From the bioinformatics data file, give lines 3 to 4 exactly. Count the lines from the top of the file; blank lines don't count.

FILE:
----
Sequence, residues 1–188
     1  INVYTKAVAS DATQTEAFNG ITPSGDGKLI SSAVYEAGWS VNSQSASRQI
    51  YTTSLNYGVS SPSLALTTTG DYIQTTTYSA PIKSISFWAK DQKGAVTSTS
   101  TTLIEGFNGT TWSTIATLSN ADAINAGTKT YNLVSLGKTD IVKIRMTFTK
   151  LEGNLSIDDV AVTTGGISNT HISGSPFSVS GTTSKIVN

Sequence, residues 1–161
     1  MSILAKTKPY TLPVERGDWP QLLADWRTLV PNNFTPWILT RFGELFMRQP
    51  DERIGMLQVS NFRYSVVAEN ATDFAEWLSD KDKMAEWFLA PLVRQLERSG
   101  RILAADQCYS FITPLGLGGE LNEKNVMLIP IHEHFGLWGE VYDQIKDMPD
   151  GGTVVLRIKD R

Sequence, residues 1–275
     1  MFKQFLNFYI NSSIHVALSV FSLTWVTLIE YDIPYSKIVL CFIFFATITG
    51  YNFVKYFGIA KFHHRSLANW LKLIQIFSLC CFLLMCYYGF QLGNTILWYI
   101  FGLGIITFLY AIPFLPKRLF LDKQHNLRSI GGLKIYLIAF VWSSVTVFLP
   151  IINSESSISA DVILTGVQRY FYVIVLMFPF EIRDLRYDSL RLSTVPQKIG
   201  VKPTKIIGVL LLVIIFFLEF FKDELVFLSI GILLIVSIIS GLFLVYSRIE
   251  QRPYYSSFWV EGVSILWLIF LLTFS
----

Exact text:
    51  YTTSLNYGVS SPSLALTTTG DYIQTTTYSA PIKSISFWAK DQKGAVTSTS
   101  TTLIEGFNGT TWSTIATLSN ADAINAGTKT YNLVSLGKTD IVKIRMTFTK